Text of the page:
Global Correspondent Report for Canada




Alegria Imperial, CA

Vancouver Poetry Reading: Bright Future for haiku


first reading—
by the lamplight
oak leaves in the rain

—Angela J. Naccarato

A bright future for haiku in Vancouver is certain

A spark of it shone at the two-year old Vancouver Haiku Group’s (VHG) first Poetry Reading dubbed “Under the Cherry Tree, an evening of haiku, free verse and music” at Chapters Bookstore on Robson St., Vancouver, BC, Canada on May 31. Sharing their haiku and other Japanese short poetry forms like tanka and haibun, exploratory forms and free verse were VHG members with grade four and five students from Panorama Heights Elementary School in Coquitlam, BC.

In her introduction, VHG member and teacher, Brenda Larsen proudly announced that her students have broken through the “5-7-5 headlock” in writing their haiku, which Juliana Nunes and Matthew Zhao read—their own and their classmates’—for the opening number. Most were on cherry blossoms, some take off on their favorite poetry, and a few on Jessica Tremblay’s ‘Old Pond Comics, with a couple of free verse poems.

Cherry blossoms in haiku

Sustaining the theme, Jessica Tremblay, originally from Montreal, first read her Vancouver Cherry Blossom Festival Haiku Invitational (VCBF HI) winning haiku, her first in English. She followed it up with a delightful presentation of selected frames from her “Old Pond” comics, a take off from a Basho classic, on a frog trying to learn haiku, and her explorations of this unique form using works of other Japanese masters like Issa on a split frame.

Alegria Imperial, formerly of Manila, also included her VCBF HI winning and first published haiku, a VHG exercise voted favorite, as well as some of her other winning and recently published haiku, tanka and experimental haibun diary.

Vicki McCullough, who has won several VCBF awards, read her cherry blossom haiku from across the HI years, as well as those of Haiku Canada members Alice Frampton, elehna de sousa, Naomi Beth Wakan and Susan Constable—and a few more favorites showing the international diversity of VCBF HI submissions. She concluded with a six blossom-themed tanka by Haiku Canada Review editor LeRoy Gorman, from his new tanka collection, fast enough to leave this world. Vicki is coordinator of the BC region for Haiku Canada, also known as pacifi-kana.

Brenda started her reading with a VHG cherry blossom haiku exercise inspired by a cherry tree at Joy Kogawa’s Vancouver Heritage House in Vancouver’s Marpole area, which she ended with a touching free verse on her battle with a chronic allergy that affects her breathing.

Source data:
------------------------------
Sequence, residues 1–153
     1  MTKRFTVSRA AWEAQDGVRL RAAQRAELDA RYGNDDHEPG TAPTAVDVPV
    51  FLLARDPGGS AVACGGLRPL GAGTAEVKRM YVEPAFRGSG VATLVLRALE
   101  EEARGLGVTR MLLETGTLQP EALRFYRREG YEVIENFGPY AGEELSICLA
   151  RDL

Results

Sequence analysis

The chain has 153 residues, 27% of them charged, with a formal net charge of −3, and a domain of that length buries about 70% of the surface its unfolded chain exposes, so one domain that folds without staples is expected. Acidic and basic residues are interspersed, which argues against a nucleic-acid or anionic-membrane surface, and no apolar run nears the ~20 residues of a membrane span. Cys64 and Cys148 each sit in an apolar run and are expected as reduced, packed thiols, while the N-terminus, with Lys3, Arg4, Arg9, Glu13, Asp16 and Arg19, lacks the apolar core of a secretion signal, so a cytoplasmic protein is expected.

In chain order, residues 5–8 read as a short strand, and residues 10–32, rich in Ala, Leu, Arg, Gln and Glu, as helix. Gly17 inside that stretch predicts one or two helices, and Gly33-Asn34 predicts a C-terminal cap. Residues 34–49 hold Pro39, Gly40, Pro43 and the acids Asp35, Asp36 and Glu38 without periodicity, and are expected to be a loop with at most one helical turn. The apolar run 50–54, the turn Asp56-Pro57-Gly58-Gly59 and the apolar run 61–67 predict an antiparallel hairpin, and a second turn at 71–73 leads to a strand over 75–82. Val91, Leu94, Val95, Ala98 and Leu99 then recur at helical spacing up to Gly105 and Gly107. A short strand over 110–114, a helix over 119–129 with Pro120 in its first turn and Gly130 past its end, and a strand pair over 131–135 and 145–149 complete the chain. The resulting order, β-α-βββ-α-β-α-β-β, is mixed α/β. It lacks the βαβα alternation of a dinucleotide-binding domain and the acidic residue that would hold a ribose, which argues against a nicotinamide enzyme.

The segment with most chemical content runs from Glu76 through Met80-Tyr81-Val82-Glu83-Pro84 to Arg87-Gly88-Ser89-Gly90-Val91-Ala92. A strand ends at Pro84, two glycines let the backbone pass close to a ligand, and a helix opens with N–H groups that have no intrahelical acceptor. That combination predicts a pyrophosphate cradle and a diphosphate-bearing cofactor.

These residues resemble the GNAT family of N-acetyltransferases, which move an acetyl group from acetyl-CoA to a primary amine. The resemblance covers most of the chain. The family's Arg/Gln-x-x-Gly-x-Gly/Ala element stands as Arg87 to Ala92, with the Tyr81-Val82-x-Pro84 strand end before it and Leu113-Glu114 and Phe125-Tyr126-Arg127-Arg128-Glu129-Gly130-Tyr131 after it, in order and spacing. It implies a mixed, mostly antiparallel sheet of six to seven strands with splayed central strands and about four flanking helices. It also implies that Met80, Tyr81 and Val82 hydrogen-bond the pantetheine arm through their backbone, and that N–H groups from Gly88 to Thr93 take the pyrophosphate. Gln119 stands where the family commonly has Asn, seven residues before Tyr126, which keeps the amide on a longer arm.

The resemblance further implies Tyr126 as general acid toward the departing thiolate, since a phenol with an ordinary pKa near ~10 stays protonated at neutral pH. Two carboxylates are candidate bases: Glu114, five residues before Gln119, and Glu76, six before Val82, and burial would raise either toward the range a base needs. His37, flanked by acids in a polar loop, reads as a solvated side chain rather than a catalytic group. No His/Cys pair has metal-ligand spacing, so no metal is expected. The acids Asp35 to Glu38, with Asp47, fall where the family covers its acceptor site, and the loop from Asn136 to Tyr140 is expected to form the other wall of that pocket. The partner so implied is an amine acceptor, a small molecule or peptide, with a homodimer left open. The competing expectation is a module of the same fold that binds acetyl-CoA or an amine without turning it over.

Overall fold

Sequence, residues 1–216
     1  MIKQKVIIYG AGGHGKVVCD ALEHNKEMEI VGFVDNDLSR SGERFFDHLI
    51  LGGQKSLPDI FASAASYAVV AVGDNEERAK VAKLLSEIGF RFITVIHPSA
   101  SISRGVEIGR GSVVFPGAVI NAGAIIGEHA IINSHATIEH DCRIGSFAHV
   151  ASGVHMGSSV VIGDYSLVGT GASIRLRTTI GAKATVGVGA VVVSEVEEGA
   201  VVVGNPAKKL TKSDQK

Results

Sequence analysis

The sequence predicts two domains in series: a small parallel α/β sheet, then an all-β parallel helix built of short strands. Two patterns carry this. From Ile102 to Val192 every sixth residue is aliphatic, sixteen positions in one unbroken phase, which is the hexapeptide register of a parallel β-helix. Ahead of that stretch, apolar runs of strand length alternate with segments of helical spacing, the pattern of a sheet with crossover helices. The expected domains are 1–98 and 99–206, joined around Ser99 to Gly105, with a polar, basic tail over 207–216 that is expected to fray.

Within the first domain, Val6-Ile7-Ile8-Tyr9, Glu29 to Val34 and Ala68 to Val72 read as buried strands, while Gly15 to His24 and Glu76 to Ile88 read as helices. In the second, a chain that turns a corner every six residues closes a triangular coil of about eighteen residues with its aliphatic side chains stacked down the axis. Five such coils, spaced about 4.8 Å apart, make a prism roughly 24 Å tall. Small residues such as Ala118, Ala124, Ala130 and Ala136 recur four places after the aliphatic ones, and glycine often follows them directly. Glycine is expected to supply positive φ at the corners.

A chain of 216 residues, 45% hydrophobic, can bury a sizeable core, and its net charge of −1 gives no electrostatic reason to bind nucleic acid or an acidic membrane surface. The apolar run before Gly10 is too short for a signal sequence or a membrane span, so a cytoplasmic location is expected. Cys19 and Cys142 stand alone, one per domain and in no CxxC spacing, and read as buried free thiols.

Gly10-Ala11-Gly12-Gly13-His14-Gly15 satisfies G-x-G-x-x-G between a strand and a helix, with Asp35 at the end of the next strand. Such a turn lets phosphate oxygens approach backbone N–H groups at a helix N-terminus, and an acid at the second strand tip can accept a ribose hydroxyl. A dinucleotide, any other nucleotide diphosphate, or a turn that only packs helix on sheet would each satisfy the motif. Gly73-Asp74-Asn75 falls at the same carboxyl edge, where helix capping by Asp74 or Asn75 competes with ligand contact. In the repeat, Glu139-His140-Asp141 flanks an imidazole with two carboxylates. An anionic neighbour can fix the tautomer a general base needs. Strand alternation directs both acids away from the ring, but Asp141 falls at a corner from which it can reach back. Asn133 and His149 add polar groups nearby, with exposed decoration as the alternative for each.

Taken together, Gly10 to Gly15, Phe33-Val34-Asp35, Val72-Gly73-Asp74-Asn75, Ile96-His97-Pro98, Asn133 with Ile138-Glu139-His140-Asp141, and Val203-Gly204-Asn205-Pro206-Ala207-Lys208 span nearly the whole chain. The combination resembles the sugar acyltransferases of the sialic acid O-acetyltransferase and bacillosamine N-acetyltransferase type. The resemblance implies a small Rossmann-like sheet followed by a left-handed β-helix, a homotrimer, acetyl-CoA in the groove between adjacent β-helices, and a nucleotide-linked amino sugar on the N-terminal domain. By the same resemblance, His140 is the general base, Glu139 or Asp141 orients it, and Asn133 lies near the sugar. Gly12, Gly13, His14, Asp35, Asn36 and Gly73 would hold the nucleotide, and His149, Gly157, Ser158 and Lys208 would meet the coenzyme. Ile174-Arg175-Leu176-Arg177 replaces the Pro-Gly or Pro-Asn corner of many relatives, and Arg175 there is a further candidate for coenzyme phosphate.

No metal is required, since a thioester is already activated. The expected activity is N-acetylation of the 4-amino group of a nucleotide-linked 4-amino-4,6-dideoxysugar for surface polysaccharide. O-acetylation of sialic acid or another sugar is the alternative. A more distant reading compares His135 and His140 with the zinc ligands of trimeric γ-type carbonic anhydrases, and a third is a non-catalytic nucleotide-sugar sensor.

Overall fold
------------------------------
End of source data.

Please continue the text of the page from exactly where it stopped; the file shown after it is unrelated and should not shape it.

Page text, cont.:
VHG organizer and facilitator, Angela J. Naccarato, during the first part of the program picked a few of Amelia Fielding’s tanka who had sent a written permission from her online series, sakura, sakura accompanied on the clarinet by Nik Stimpson. Amelia is a professional translator of Japanese literature. Angela, later in the second part of the program, read her cherry blossom haiku and a series inspired by her trip to the British Isles, accompanied by James Mullin on a Javanese gamelan.

Other highlights

Other highlights of the evening were Rachel Enomoto’s reading in the original Japanese selected works of Japanese women haiku poets from the 18th to the 20th century with English translation and interesting background notes—Chiyo-ni, being her favorite, while James Mullin read picks from his own free verse collection. Declaring his transformation by haiku, which according to him had taught him the humility the discipline asked of haiku poetry, he then recited from memory his most memorable haiku inspired by a ginko walk at Burnaby’s heritage memorial park.

Guest poet, Ruona Asplund also read Nature poems, one a paean to “Mother Earth”, from two of her three published books. For the musical break, Nik performed a Quebecois piece, “Isabeau s’y promene” and Mozart’s “Sonatina No. 1”.



Jared Korb played an acoustic guitar number to conclude the program. Taking advantage of the “open mic”, guest Hadley Mielke read poems from her journals.

An enthusiastic audience filled the reading room on the third floor of Chapters. Sprigs of crepe paper cherry blossoms on tall vases made by Brenda’s students adorned the wall. Crane origami with haiku written on them also by Brenda’s students, graced a table, where haiku book selections, which Cameron Russell of Chapters, who also helped facilitate the event, had set up. Cameron also took video and pictures, now up at the Chapters on Robson Facebook page.

Up soon, a second poetry reading

VHG meets every third Sunday of the month at the Britannia Community Services Centre on Commercial Drive, Vancouver. Facilitator Angela J. Naccarato, whose intuitive exercises aims at tapping the subconscious, also organizes the group’s ginko walks such as those at Strathcona Gardens in Vancouver, the Chinese Buddhist Temple in Richmond and the Heritage Cemetery in Burnaby.

Already, the group’s second poetry reading has been scheduled in partnership with Britannia at its annual summer event, “Artful Sundays”, held at the center’s premises for four consecutive Sundays from Aug. 12 to Sept. 12. VHG members will present their poems at the performer’s tent on Aug. 26. They will also conduct haiku writing and crane origami making workshops.

~Alegria Imperial, Canada









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